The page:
Please also explain in terms of closure of these languages and plot a difference using specific example.

I am interpreted like this and now i am confused.

S1 and S2 are two languages.

"S --> S1. S2 " ( S1 followed by S2 hence concatenation )


"S--> S1.S2" ( S1 'and' S2 hence Intersection)

Correct me where I am going wrong.

P.S :

Also explain , In case of CFL's - Language is closed under Concatenation but not Intersection.

  • $\begingroup$ Intersection of languages is just like intersection of sets. $\endgroup$ – Yuval Filmus Sep 6 '18 at 4:56
  • $\begingroup$ Your question is a bit hard to understand. $\endgroup$ – Yuval Filmus Sep 6 '18 at 4:56
  • $\begingroup$ @Yuval Filmus Which part is unclear ? $\endgroup$ – CHETAN RAJPUT Sep 6 '18 at 5:01

The concatenation of two languages $L_1,L_2$ is defined as follows: $$ L_1L_2 = \{w_1w_2 : w_1 \in L_1, w_2 \in L_2\}. $$ In words, we take all words in $L_1$ and concatenate to them all words in $L_2$.

The intersection of two languages $L_1,L_2$ is the set of words they have in common.

As an example, $$ \begin{align*} &\{a\} \{b\} = \{ab\}, && \{a\} \cap \{b\} = \emptyset, \\ &\{a\} \{a\} = \{aa\}, && \{a\} \cap \{a\} = \{a\}, \\ &\{a\} \{a,b\} = \{aa,ab\}, && \{a\} \cap \{a,b\} = \{a\}. \end{align*} $$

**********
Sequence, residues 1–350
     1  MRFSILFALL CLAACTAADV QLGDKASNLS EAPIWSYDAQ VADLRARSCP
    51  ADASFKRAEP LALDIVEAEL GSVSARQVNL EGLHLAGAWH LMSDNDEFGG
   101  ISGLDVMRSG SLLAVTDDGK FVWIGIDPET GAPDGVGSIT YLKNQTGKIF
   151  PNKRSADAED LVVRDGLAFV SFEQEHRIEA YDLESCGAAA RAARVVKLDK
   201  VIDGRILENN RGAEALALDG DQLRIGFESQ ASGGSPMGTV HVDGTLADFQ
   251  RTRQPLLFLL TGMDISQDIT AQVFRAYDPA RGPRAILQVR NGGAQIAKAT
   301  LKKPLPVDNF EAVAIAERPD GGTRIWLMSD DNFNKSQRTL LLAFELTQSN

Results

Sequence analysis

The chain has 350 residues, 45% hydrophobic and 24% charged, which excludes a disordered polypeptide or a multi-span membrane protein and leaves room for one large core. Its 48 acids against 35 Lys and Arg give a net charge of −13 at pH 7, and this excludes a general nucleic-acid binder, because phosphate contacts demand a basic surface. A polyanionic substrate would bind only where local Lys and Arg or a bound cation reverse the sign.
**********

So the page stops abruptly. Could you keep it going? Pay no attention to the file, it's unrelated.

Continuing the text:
The concatenation and intersection of two regular languages is regular. In contrast, while the concatenation of two context-free languages is always context-free, their intersection is not always context-free. The standard example is $\{a^nb^nc^m : n,m \geq 0\} \cap \{a^nb^mc^m : n,m \geq 0\} = \{a^nb^nc^n : n \geq 0\}$. However, the intersection of a context-free language with a regular language is always context-free.

  • $\begingroup$ Yuval Filmus : Can u frame a simple CFG for concatenation and intersection of two languages. $\endgroup$ – CHETAN RAJPUT Sep 6 '18 at 5:20
  • $\begingroup$ I suggest consulting a textbook on automata and formal languages. $\endgroup$ – Yuval Filmus Sep 6 '18 at 5:37
  • $\begingroup$ Given context-free grammars for $L_1,L_2$ with starting symbols $S_1,S_2$, you can create a context-free grammar for $L_1L_2$ by adding a new starting symbol $S$ and a production $S \to S_1S_2$. A similar construction works for union, using the productions $S \to S_1|S_2$. Since the context-free languages are not closed under intersection, no such construction is possible for intersection. $\endgroup$ – Yuval Filmus Sep 6 '18 at 5:41
  • $\begingroup$ It will be fine if u can frame a regular for complement and intersection as cfg not closed under intersection $\endgroup$ – CHETAN RAJPUT Sep 6 '18 at 17:19
  • $\begingroup$ You are basically asking me to reproduce a textbook on context-free languages. Many such textbooks and lecture notes exist, and should contain all the information you seek. $\endgroup$ – Yuval Filmus Sep 6 '18 at 17:21

Your Answer

By clicking “Post Your Answer”, you agree to our terms of service, privacy policy and cookie policy

Not the answer you're looking for? Browse other questions tagged or ask your own question.